The Morewood School was listed on the National Register of Historic Places in 1984 Building #84002084 also known as School District No. 9 Luce's District School. Originally located on 4 acres (1.6 hectares) around 1825 but now a one acre lot surrounds the building erected in 1843. The historical significance is architectural with a Greek Revival style.
Named after the Morewood family who owned “Broad Hall”, the current Pittsfield Country Club, it retains integrity of location, design setting, material and workmanship as well as important associations with the early development of Pittsfield, Massachusetts. The current structure was rebuilt around 1843. According to a record book retained by the Berkshire County Historical Society kept by Jesse Oliver Howard , who attended the school in 1865, the original school house burned in June 1841 when several class mates started a fire in the playground during the noon time recess. When Jesse Howard attended the school, the pupils ranged in age from 4-16 years old sitting in benches with no backs. Until 1925, water was drawn from the Howard brook in the wood next to the school. Morewood educated the children of the local early families such as the Howards, Luces and Melvilles. Herman Melville wrote “Moby Dick” and three other novels while living with his family in the nearby Arrowhead farm from 1850-1863.
Horace Mann accepted the position of First Secretary of the State Board of Education in Massachusetts in 1837 when Edward Everett was governor. He took office at a time when glaring weaknesses existed in public education in Massachusetts. He went to Pittsfield in the Berkshire Hills, in western Massachusetts to hold a" teachers’ institute," or convention, he reached the town, in the morning, only to find that no arrangements had been made, and that the little red schoolhouse in which the institute was to be held was in no presentable condition.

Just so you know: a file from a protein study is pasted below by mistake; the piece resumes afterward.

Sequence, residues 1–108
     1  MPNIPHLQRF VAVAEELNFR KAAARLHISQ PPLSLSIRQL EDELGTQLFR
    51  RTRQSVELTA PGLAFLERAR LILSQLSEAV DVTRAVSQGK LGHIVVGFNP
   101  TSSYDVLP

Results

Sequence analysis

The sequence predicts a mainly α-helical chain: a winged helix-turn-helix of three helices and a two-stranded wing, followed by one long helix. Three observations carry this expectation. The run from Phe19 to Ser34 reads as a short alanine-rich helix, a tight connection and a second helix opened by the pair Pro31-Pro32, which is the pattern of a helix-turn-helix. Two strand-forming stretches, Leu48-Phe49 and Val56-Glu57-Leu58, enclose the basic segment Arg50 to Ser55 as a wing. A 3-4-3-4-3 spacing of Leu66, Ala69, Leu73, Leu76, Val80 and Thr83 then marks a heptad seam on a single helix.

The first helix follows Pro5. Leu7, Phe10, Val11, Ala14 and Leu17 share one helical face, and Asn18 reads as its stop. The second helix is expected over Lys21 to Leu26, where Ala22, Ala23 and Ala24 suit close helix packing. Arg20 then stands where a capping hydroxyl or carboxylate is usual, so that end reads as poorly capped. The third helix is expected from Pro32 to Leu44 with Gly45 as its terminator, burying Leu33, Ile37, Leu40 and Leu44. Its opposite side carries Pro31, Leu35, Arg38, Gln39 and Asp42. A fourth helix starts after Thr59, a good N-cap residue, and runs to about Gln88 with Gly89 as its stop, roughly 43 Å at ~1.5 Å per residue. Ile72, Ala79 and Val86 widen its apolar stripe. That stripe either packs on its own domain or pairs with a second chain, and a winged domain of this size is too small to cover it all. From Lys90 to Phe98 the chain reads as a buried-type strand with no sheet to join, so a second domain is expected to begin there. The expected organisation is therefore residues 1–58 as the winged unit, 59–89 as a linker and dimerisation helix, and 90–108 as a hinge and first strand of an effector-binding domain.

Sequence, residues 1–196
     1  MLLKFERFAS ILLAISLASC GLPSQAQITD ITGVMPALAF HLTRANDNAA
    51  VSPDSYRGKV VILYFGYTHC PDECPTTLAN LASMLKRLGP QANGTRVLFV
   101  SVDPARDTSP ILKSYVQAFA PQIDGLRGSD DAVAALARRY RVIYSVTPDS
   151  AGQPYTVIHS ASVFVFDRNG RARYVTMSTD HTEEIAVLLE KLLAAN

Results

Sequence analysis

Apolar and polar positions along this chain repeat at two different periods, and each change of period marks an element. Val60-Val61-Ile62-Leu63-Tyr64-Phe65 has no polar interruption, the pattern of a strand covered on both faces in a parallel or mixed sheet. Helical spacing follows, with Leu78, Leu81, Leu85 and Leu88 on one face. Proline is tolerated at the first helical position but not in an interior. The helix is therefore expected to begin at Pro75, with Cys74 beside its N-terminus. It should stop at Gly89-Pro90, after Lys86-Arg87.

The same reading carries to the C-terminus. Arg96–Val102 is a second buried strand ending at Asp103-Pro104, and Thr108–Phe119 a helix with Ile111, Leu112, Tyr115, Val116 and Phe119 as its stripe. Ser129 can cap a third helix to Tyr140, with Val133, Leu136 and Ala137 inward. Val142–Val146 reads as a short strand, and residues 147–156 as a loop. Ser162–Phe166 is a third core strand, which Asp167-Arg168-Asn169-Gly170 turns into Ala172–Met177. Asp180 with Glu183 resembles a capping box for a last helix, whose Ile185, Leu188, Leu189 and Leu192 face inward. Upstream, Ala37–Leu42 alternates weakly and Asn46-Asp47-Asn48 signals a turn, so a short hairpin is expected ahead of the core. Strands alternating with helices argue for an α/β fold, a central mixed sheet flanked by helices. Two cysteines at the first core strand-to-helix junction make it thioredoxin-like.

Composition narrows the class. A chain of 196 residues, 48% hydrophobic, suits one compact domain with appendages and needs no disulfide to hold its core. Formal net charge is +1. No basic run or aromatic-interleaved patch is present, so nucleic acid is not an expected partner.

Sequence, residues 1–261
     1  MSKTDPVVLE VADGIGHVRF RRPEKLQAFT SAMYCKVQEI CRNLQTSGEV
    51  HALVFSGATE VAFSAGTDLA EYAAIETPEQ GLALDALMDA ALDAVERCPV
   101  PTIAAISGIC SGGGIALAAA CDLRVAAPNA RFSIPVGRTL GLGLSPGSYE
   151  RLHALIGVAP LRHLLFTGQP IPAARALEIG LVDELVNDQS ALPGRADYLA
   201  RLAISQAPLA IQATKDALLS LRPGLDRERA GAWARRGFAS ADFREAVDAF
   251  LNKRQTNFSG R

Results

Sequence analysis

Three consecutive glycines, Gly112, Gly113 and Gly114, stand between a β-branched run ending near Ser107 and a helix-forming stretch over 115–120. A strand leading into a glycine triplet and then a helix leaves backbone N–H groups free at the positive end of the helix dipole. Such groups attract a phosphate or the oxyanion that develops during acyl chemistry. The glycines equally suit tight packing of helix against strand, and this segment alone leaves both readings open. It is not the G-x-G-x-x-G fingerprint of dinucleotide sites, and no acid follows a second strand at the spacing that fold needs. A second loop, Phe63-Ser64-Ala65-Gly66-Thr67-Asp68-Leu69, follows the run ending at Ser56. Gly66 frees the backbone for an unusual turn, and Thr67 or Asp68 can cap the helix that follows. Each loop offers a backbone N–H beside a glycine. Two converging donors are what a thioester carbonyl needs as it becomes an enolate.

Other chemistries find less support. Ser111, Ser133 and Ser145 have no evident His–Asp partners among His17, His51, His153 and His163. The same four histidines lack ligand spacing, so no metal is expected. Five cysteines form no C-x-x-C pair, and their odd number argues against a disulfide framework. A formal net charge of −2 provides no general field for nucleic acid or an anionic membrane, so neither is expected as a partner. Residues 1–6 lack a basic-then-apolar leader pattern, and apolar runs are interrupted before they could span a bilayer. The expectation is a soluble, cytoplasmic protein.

When Governor Everett saw in what condition was the schoolhouse, and how dull was the interest in the wise plans of Horace Mann, both he and Mr. Mann were determined to conquer what the secretary called "the arctic regions of Pittsfield" (because of its lack of interest); so, while the secretary was "putting things to rights", the governor made a raid on the nearest dwelling house, borrowed two brooms, and when the aroused and curious inhabitants strolled into the schoolhouse, they stood open-eyed with wonder to see the governor of the Commonwealth of Massachusetts and the secretary of the State Board of Education sweeping and dusting the schoolroom, so that everything might be presentable when the hour for the institute arrived.
Several of the schools that he established still remain standing today in Berkshire County. It is very likely the Morewood School, the only surviving one room "red school" house, is the same school used for Horace Mann's historical teacher's institute.
The school house has the longest continuous use as a school in New England for 130 years until it was used as Pittsfield's USA Bicentennial Headquarters in 1975. The building was sold to Bob and Karen Clydesdale in 1984 and modernized while retaining the unique Greek revival exterior design features.